By: Liz Baessler
Growing cauliflower is not for the faint of heart. Keep reading to learn more about how to protect cauliflower plants, including cauliflower frost protection, sun protection, and pest protection.
Cauliflower is cold hardy, but it’s not invincible, especially when it’s young and tender, so some cauliflower frost protection is necessary in the spring. Start your cauliflower seeds indoors and transplant them outside around the time of the average last frost. If a later frost is likely, protect your young plants with row covers.
Likewise, cauliflower has just as hard a time with hot weather. If grown too late into the summer, the plants are likely to get leggy and bolt. Protect them by starting them early enough in the spring or close enough to autumn that they avoid the hottest days.
No matter when you grow them, you’ll want to protect your cauliflower heads from the rays of the sun. Once the white head is 2 to 3 inches (5 to 7.5 cm.) across, tie the leaves of the plant together so they shelter it. This is called blanching.
One of the most important aspects of cauliflower protection in gardens is cauliflower pest protection. Cauliflower can fall victim to a host of insect pests that include:
Again, as with cauliflower frost protection, row covers will help protect young plants from common pests like cabbage worms, root maggots and flea beetles.
Cabbage worms can also be picked off by hand, and aphids can be sprayed off with a stream of water followed by neem oil. Slugs and snails can be killed with bait.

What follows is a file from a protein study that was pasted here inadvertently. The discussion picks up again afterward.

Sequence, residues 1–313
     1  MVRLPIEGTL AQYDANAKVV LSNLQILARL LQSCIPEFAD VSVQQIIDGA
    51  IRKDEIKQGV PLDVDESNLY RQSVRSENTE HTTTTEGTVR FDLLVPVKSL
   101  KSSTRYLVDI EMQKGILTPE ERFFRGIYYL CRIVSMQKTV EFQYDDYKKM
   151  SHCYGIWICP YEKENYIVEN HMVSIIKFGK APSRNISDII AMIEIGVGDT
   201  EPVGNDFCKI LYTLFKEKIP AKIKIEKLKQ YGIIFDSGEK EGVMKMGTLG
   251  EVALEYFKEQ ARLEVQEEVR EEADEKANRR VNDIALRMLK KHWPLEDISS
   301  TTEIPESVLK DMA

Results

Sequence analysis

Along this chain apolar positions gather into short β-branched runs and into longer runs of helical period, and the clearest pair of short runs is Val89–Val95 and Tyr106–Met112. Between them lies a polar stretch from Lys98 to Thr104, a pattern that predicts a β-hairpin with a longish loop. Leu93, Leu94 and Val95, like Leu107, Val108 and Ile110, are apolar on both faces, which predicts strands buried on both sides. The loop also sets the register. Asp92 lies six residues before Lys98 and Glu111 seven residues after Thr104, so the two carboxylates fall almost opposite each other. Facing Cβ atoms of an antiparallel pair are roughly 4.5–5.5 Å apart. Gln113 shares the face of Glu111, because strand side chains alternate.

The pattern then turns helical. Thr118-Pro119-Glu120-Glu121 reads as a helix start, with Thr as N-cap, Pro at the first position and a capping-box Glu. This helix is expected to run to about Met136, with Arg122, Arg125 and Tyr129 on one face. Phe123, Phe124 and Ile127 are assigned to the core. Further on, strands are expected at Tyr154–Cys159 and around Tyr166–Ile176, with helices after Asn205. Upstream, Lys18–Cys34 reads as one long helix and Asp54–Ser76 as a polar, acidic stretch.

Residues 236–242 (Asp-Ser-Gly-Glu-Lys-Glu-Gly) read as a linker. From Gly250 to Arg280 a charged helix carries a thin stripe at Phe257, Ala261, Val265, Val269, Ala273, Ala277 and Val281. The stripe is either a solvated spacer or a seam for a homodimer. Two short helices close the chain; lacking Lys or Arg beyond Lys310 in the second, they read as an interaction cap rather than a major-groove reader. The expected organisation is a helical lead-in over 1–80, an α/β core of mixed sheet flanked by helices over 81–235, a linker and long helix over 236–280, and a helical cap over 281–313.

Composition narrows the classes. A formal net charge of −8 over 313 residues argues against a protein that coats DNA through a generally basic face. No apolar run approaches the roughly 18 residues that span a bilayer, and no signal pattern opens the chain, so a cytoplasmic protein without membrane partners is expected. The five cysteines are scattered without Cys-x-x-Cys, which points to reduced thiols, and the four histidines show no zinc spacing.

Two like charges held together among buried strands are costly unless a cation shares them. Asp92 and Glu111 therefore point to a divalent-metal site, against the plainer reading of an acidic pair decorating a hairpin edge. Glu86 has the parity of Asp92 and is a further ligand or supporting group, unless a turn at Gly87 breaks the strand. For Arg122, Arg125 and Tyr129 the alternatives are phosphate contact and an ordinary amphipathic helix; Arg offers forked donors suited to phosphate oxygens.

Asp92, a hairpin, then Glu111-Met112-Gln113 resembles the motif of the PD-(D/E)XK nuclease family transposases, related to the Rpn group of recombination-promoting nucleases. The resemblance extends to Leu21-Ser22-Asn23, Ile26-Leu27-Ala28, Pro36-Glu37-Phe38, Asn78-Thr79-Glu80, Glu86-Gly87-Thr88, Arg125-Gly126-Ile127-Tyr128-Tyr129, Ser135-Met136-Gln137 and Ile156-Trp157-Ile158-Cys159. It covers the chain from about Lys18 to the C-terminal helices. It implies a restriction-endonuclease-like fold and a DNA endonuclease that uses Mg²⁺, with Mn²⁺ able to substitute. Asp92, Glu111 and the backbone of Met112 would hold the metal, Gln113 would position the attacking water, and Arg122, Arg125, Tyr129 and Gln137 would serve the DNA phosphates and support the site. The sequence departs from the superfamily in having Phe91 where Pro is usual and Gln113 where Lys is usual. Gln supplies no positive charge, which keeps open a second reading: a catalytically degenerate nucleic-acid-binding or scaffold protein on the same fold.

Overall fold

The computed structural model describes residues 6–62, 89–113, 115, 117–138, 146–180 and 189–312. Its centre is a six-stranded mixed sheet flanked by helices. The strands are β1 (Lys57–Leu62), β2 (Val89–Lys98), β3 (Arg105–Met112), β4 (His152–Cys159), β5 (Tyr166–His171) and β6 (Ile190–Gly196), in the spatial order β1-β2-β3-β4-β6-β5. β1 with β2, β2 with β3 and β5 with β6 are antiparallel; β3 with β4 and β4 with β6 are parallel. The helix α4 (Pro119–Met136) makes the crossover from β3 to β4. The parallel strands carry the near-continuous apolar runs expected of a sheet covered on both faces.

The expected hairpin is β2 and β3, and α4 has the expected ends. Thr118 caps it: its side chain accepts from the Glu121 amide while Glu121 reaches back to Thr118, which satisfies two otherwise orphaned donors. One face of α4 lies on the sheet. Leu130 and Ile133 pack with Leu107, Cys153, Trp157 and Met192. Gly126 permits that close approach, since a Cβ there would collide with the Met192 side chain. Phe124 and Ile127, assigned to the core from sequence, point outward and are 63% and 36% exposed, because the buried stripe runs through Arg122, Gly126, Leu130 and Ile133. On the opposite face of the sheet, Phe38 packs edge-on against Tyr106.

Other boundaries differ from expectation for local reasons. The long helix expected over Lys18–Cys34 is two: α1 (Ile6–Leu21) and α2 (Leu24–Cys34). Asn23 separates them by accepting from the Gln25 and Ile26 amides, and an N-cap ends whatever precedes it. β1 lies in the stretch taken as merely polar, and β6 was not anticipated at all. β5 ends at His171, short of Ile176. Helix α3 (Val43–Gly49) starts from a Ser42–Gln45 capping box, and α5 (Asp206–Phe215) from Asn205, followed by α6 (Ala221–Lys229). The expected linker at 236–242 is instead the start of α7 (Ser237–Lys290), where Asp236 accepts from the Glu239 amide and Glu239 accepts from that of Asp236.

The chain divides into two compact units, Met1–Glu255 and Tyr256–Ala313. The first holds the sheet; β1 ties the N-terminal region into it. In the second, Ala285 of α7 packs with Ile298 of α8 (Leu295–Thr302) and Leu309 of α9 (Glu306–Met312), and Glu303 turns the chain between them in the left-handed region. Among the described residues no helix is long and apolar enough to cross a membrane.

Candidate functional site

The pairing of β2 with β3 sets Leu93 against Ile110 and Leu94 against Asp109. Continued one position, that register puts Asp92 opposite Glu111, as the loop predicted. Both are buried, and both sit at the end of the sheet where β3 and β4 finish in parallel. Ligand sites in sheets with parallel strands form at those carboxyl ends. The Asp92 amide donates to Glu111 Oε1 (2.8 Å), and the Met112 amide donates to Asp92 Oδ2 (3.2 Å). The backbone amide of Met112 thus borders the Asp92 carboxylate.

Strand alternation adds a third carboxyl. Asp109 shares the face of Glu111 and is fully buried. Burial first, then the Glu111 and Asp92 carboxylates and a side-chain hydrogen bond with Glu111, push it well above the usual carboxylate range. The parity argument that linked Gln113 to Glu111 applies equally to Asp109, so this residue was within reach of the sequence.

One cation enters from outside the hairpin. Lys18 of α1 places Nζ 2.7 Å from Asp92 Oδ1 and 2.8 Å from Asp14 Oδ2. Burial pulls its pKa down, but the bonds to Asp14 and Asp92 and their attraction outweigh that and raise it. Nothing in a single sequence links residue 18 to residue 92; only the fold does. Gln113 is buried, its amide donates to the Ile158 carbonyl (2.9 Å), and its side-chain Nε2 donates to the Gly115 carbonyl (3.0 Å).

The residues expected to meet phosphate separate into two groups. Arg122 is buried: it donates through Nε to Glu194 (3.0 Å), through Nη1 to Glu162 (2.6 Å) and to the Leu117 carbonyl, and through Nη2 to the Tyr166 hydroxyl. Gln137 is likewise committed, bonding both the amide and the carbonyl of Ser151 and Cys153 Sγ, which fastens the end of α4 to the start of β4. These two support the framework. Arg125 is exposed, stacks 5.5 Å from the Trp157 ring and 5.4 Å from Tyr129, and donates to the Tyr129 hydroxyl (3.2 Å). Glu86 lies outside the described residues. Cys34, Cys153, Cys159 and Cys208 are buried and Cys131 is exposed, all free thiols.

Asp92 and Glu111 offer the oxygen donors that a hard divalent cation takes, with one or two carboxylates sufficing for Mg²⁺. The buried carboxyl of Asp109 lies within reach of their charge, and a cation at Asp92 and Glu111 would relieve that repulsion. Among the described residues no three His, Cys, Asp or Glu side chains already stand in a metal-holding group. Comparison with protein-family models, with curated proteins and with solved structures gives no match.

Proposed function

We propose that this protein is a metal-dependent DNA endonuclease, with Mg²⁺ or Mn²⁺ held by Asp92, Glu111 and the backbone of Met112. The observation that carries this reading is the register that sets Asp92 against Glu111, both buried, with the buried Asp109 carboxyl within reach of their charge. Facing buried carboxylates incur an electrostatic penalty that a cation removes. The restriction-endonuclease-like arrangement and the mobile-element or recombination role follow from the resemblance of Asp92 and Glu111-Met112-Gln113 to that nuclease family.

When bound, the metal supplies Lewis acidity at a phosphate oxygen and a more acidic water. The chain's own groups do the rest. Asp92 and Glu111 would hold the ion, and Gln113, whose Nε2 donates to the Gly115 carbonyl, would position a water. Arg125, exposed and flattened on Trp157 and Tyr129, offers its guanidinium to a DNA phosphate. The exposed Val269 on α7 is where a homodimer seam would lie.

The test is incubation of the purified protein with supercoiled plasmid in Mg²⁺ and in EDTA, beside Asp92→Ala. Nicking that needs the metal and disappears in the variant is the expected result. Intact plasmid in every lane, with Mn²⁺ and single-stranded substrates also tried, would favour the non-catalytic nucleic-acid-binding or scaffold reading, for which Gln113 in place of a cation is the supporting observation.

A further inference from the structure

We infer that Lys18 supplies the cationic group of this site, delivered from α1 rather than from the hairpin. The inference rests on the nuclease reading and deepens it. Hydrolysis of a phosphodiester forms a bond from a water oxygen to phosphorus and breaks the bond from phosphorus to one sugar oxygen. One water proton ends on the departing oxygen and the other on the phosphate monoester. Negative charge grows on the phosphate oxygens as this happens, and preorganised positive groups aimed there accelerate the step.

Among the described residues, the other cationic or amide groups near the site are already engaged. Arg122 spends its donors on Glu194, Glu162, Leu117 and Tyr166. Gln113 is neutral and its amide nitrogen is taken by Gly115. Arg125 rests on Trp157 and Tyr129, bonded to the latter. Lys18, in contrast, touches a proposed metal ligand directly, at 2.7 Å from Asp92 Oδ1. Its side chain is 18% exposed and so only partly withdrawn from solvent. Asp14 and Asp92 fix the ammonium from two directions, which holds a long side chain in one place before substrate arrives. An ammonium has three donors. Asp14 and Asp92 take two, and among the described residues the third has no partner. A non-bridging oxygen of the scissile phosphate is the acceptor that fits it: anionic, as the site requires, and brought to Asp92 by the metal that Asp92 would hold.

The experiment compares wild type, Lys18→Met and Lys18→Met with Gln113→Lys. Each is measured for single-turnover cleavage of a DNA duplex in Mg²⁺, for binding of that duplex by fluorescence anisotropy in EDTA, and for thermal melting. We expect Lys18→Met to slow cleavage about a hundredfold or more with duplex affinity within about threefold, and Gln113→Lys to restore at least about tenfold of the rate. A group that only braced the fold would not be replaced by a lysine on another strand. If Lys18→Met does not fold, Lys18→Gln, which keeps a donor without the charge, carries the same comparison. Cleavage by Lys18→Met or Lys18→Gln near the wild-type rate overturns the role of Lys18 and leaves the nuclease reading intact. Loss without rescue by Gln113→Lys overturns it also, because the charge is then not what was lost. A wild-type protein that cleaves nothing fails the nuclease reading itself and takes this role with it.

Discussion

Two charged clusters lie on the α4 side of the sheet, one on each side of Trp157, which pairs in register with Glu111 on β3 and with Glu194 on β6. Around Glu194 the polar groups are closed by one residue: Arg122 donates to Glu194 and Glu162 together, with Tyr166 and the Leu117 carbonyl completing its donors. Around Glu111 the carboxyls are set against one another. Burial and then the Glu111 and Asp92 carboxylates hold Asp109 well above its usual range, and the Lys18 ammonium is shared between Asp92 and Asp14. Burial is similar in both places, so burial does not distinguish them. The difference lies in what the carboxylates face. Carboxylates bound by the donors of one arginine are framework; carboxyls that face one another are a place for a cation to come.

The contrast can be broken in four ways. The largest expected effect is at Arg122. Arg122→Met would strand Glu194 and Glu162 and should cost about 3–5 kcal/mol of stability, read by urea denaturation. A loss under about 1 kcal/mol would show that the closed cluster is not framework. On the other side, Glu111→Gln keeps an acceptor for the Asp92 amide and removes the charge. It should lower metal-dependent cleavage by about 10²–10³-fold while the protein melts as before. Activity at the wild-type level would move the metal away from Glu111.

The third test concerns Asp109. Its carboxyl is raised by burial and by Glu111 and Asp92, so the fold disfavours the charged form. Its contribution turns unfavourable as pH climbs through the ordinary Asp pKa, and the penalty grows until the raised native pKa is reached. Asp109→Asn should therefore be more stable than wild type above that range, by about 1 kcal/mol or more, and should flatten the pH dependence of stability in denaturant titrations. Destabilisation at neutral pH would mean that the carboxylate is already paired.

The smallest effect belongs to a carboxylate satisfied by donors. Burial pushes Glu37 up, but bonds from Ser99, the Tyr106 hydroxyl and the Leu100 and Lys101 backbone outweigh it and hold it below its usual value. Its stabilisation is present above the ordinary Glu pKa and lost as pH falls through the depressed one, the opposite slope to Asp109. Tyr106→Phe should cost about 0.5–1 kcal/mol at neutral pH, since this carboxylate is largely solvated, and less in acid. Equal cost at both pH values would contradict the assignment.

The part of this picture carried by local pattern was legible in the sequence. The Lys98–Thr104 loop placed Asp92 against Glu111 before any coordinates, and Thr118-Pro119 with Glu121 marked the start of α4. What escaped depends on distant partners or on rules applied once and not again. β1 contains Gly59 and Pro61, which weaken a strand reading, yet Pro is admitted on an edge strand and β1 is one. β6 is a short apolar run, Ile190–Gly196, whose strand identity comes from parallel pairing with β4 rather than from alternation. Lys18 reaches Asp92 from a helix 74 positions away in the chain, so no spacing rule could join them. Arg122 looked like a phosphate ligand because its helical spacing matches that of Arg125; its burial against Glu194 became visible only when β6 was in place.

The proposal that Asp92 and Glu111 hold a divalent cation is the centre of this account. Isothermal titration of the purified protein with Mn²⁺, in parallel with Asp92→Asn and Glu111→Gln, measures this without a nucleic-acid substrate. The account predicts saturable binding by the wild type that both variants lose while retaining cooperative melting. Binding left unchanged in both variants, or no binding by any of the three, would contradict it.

Protecting cauliflower plants from pests is important – you’re very likely to get them, and they can wipe out a crop if you’re not careful.
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Read more about Cauliflower
Cauliflower is a sun-loving, cool-season crop to grow in spring and fall. It can be a temperamental plant in the garden because it does not tolerate heat or cold—so it’s not best for beginners unless you like a challenge! See how to plant, care for, and harvest cauliflower.
This vegetable’s name comes from the Latin words caulis, for cabbage, and floris, for flower. It’s a descendent of wild cabbage! Though usually white, cauliflower does come in other colors including purple, yellow, and orange.
Cauliflower can be a challenge for the beginner gardeners because it requires consistently cool temperatures with temperatures in the 60°Fs. Otherwise, it may prematurely “button”—form small, button-size heads—rather than forming a single, large head.
A frost occurs when the air temperature dips below 32˚F (0˚C) at ground level. A hard frost or freeze is a period of at least four consecutive hours of air temperatures that are below 28˚F (-2˚C).
Many plants can survive a brief frost, but very few can survive a hard freeze. Frost damage occurs when the liquid in the plants tissues freezes and bursts due to the cold temperatures.
Some plants have flexibility in their tissues and can withstand a certain amount internal ice formation without serious injury.
Vegetable garden crops that are most vulnerable to unexpected late spring frosts are young seedlings and the heat loving summer crops. Any plants that are specified on the seed package to be planted after all danger of frost is past are defenseless to an unexpected frost.
Frost tender plants include beans, corn, cucumbers, eggplants, melons, okra, peppers, squash, sweet potatoes, and tomatoes. These plants will be damaged or killed by frost if left unprotected.
Semi-hardy vegetables can survive light frosts that dip to 32˚F. These include artichokes, bok choy, Chinese cabbage, cauliflower, celery, collards, leaf lettuce, mustard, peas, potatoes, and radishes.
Established cold hardy plants can tolerate lower temperatures as low as 20˚F. However, new transplants and young seedlings may be vulnerable. These vegetables include arugula, broccoli, Brussels sprouts, beets, cabbage, carrots, kale, kohlrabi, leeks, onions, parsnips, radishes, rutabaga, spinach, Swiss chard, and turnip.